be wondering, “What the
hell CAN WE DO, Makena?”
We can stop being victims
and start sharing this post
like a problem. It is time we
said NO, and created our
own protection system
against MPesa theft.
In Kenya, we are at the
mercy of MPesa thieves,
pickpockets, muggers, the
police, the city council etc.
We are hard at the business
of bargaining with various
kinds of thieves. The matatu
conductors who somehow
forget to give back your
change until you ask for it
with a stern face; the
government employees who
need a small “thank you” for
providing a copy of the one
piece of paper you need to
fill; the guys who “help” you
push your car when you are
stuck somewhere; the armed
robber who rapes your
daughter and wife and
draws a gun to blow your
brains away and last but not
least, our elected officials
who threaten to paralyze
our country if we don’t pay
them such and such
Are you tired of bargaining
with thieves? I am. After
that unhelpful phonecall
with Safaricom, I texted the
following to Benson Kariuki
at his number 0723587757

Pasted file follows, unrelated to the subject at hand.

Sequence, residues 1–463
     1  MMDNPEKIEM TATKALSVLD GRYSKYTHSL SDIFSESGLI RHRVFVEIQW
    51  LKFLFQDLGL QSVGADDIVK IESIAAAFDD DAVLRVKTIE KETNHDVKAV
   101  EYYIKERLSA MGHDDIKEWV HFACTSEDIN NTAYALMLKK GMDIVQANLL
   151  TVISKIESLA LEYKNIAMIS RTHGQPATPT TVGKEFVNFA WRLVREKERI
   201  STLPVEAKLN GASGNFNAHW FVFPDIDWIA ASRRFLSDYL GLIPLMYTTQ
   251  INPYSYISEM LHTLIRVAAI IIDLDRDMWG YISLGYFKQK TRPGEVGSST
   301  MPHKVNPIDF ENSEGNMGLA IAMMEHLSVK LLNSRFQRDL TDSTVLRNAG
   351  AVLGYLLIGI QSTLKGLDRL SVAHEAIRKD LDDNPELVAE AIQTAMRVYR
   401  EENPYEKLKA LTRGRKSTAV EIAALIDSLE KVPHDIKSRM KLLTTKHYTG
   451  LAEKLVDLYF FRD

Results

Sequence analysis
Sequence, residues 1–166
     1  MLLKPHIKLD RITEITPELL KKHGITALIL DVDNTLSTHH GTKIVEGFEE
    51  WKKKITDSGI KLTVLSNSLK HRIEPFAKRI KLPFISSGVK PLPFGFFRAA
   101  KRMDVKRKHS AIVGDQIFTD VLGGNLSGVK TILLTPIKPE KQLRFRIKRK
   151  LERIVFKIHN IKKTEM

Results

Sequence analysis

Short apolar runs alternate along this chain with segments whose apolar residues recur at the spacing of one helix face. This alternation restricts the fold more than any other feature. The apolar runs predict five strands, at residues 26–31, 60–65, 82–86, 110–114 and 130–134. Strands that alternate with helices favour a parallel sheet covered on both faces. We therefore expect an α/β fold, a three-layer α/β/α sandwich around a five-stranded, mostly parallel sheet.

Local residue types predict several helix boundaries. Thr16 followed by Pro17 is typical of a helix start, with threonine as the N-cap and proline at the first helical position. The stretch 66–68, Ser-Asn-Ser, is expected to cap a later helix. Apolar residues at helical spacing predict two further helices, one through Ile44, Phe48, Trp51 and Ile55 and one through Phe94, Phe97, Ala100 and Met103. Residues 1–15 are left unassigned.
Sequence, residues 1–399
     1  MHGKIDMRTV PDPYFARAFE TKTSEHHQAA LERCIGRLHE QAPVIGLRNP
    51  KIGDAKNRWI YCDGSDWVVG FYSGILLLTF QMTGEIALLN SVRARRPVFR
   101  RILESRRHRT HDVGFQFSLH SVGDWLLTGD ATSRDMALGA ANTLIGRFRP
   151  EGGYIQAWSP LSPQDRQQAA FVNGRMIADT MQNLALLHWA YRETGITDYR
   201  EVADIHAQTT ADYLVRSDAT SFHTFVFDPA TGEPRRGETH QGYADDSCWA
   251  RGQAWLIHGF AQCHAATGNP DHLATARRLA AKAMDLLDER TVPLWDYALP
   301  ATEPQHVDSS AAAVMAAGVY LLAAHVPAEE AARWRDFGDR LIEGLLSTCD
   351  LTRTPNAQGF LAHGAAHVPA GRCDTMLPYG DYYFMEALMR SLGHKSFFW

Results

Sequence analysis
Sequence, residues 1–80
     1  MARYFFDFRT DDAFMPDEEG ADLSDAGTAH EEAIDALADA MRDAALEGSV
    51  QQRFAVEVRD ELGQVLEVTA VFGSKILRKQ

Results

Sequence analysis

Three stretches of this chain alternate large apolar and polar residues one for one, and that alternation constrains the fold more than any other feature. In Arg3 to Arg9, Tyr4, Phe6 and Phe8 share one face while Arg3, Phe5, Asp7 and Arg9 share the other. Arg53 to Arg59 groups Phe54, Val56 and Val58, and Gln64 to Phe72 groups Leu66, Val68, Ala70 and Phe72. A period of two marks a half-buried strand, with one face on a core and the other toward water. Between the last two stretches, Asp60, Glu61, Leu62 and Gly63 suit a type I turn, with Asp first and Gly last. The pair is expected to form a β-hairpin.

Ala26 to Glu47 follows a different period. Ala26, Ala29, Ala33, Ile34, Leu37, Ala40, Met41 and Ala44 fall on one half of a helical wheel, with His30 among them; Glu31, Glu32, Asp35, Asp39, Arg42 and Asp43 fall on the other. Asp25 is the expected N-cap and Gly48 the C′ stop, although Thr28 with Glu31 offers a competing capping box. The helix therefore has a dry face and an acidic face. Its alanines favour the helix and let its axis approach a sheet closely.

I am giving you one
hour to return the
money you just
withdrew illegally from
my account. After that
I will report your
details tot he police,
Just you wait…
I then called Safaricom and
asked for his ID number.
And of course, they said no,
which is good because I
know my privacy is equally
protected. But I already had
an idea. My second text to
Benson Kariuki read:
Counting down. After
reporting you to the
police, I will put your
details on twitter and
facebook. Then I will
make a youtube video
and make sure you
can’t get a job or do
business anywhere.
Someone who knows
you will eventually
bring me to your
house. Hide
somewhere deep my
friend. Very deep.
This was the text that got
Benson, who had previously
switched off his phone, to
call me back. He was pissed
off. Very. I mean, I had
made a mistake, sending
him my money, so why had
I not called him and politely
asked that he return it???
What? Guy, you went and
stole my money then
switched off your phone.
Hello, did you hear the part
“You stole my money.” He
said he would think about
returning it and hang up.
He called again and shouted
and hang up at least 3 times
before he finally sent me
part of the money, claiming